Highmark headquarters in Pittsburgh.
David L. Holmberg, the company’s chief executive, told The Wall Street Journal that Highmark had lost $318 million on its individual health-law plans in the first six months of 2015, after, as the WSJ said, “rolling out a very broad array of options that had attracted many consumers with chronic conditions who required costly care.”
The paper said the company “was still working on the details of its offerings, but it expects a ‘mix shift’ toward plans that offer more limited choices of health-care providers. Such plans typically have lower premiums than versions with broader networks. About Highmark’s offerings for next year, Mr. Holmberg said: “Is there going to be a trend toward more narrow networks? Yes.”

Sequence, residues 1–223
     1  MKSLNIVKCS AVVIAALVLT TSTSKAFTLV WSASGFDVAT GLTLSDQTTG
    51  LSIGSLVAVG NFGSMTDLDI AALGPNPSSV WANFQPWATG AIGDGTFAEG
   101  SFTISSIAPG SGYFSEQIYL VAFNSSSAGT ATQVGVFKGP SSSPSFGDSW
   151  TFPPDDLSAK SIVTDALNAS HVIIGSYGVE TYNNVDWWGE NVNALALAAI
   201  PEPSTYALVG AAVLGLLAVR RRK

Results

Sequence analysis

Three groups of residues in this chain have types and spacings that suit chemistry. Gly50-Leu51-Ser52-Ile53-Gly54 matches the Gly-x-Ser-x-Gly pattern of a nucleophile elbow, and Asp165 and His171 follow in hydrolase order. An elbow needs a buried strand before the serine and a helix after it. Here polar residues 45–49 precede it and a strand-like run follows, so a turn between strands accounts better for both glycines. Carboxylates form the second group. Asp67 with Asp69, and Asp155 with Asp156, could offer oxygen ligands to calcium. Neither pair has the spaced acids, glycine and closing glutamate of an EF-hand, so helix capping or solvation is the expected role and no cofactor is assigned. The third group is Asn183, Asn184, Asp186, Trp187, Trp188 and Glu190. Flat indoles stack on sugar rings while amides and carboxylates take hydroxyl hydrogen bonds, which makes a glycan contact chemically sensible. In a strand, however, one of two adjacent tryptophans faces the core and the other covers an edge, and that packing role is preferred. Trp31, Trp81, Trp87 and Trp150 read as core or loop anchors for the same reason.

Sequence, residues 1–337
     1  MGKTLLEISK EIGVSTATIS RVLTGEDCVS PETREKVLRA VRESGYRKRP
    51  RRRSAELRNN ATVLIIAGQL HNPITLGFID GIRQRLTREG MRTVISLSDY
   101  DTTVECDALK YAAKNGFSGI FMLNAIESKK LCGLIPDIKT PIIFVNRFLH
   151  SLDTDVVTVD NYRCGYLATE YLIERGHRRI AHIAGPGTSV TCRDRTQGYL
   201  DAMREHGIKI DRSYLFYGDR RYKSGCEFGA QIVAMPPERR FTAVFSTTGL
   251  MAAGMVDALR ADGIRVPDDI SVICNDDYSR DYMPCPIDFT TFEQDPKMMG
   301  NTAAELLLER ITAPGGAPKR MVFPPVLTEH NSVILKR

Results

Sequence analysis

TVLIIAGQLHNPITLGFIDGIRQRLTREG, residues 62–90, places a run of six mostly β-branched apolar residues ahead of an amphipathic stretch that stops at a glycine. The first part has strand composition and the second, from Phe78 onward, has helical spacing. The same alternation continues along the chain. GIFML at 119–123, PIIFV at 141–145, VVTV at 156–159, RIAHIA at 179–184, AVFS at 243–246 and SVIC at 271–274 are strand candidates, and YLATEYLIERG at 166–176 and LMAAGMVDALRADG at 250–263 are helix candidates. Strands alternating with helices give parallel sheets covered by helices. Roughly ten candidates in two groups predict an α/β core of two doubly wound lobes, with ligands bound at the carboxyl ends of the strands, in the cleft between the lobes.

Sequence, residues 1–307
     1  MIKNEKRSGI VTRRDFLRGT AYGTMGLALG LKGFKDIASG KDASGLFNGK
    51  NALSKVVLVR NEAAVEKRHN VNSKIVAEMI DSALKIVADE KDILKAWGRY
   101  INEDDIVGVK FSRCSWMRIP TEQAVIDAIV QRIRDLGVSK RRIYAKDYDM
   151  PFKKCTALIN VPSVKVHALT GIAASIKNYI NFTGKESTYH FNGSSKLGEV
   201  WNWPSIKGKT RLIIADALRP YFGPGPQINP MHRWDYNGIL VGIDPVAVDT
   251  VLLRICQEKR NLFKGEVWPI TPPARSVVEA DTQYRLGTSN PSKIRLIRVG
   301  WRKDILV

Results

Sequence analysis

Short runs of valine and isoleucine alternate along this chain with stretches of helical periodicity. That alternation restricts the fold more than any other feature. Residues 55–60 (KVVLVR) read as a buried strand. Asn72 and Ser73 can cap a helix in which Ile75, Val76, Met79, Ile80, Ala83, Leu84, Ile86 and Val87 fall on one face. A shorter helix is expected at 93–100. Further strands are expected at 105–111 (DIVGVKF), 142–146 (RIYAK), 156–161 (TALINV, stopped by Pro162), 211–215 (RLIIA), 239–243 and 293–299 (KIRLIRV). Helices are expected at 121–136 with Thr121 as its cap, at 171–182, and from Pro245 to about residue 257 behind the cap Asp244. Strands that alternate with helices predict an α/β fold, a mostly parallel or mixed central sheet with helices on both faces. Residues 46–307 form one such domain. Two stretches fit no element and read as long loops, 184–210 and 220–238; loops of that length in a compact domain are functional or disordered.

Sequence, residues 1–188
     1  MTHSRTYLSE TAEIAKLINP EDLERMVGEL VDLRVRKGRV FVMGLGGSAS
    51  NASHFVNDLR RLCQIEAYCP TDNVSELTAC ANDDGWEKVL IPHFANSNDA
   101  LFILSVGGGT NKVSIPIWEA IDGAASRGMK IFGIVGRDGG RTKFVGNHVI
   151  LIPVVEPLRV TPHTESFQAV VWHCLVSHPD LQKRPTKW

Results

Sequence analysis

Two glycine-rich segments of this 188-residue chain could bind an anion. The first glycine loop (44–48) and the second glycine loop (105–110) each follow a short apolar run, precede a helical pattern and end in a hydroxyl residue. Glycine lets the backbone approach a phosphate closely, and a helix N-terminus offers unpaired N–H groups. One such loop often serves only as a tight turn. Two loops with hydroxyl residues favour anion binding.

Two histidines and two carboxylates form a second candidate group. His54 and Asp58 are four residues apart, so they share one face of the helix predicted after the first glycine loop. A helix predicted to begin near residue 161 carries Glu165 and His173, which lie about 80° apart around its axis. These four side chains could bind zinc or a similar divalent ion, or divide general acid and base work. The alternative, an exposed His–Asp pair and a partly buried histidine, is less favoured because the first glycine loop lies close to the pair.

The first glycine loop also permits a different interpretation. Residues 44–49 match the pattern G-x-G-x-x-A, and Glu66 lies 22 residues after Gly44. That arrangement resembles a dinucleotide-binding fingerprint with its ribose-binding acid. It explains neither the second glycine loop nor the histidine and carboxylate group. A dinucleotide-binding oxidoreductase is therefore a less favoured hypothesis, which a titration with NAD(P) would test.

Many insurers are trying to manage costs by offering plans with considerably tighter controls over the services that members use. The idea is to limit consumers’ access to higher-cost health-care providers, especially hospitals and physicians outside an insurer’s network. This could particularly hit academic medical centers.